In light of current economic conditions, individuals serving as directors of companies may want to refamiliarize themselves with the law concerning the impact of a corporation's financial distress on their fiduciary duties. Decisions in Delaware since the last economic downturn have changed some of the rules of the game.
Corporate directors have two primary fiduciary duties: the duty of care and the duty of loyalty. The duty of care requires that each director exercise the degree of care that an ordinary and prudent person would use in similar circumstances. The duty of loyalty requires that a director act in good faith in the best interests of the corporation and its shareholders and prohibits self-dealing.
In making business decisions, directors are generally protected by the "business judgment rule," which presumes that the directors acted on an informed basis, in good faith and in the honest belief that the decision was in the best interest of the corporation. However, decisions of "interested" directors are subject to the more onerous "intrinsic fairness" test, which examines whether the board action was both substantively and procedurally fair.
In a solvent corporation, the board of directors owes its fiduciary duties to the corporation's shareholders. Creditors are entitled only to the contractual rights set forth in related financing and other agreements. When a corporation is in distress, the focus of the board's obligations expands to include not only the interests of shareholders, but also those of creditors. For many board decisions, this change in focus will not be significant, and directors should consider the best interests of the "community of interests" constituting the corporation. But sometimes the interests of creditors and shareholders diverge. When this occurs, the corporation's directors need not slavishly follow the demands of its creditors. However, the directors should not subject the corporation and its creditors to undue risk in pursuit of a recovery for shareholders.
Until recently, restructuring professionals generally advised clients that the board of directors' fiduciary duties expand to include creditors when the corporation is in the vicinity or "zone of insolvency."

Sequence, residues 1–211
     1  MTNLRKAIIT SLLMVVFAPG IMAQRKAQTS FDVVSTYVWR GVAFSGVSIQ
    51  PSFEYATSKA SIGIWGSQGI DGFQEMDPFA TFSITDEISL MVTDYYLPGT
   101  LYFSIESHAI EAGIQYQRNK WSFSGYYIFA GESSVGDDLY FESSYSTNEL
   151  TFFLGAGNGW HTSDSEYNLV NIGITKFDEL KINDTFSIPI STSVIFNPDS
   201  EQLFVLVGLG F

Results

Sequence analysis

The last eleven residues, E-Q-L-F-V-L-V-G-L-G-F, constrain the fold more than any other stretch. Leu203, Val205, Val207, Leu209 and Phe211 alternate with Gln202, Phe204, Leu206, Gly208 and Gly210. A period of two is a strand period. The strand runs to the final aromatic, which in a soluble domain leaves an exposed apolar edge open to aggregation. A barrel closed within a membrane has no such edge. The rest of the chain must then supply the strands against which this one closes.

Recent Delaware decisions, however, have moved toward a bright-line test, suggesting a duty to creditors does not arise until the corporation is actually insolvent. Courts in many jurisdictions, such as New York, have not yet spoken clearly on this issue. But the Delaware courts are highly influential in the field of corporate governance, and other jurisdictions are likely to follow Delaware's lead.
This change in Delaware law may mean less in practice than in theory. Determining when a corporation actually becomes insolvent is not easy. The two traditional tests of solvency -- the balance sheet test (i.e., whether the liabilities of the corporation exceed its assets at fair valuation) and the equity test (i.e., whether the corporation can pay its debts as they come due) -- can be difficult to apply. Consequently, in most instances, a board should start thinking in terms of maximizing value for everyone rather than just shareholders once the company is in financial distress.
It is important to remember that in many respects a director's fiduciary duties do not change upon insolvency. As before, the director's principal obligations are the duties of care and loyalty, and most decisions of the board are still protected by the business judgment rule.
Further, since the last economic downturn, the Delaware courts have confirmed that the rules applicable to directors of solvent corporations apply when a corporation is insolvent in other important respects. In recent decisions, the Delaware courts have held that creditors (like shareholders) have no direct right of action against a corporation's directors for breach of fiduciary duty and are subject to provisions in a corporation's charter that limit the liability of directors for breaches of the duty of care. Note, however, that a director's liability for breaches of the duty of loyalty cannot be limited by the corporation's charter.
Richard F. Hahn is a partner and Hilary Sokolowski and Jasmine Powers are associates in the New York office of Debevoise & Plimpton LLP. A version of this article originally appeared in the fall issue of Debevoise & Plimpton Private Equity Report.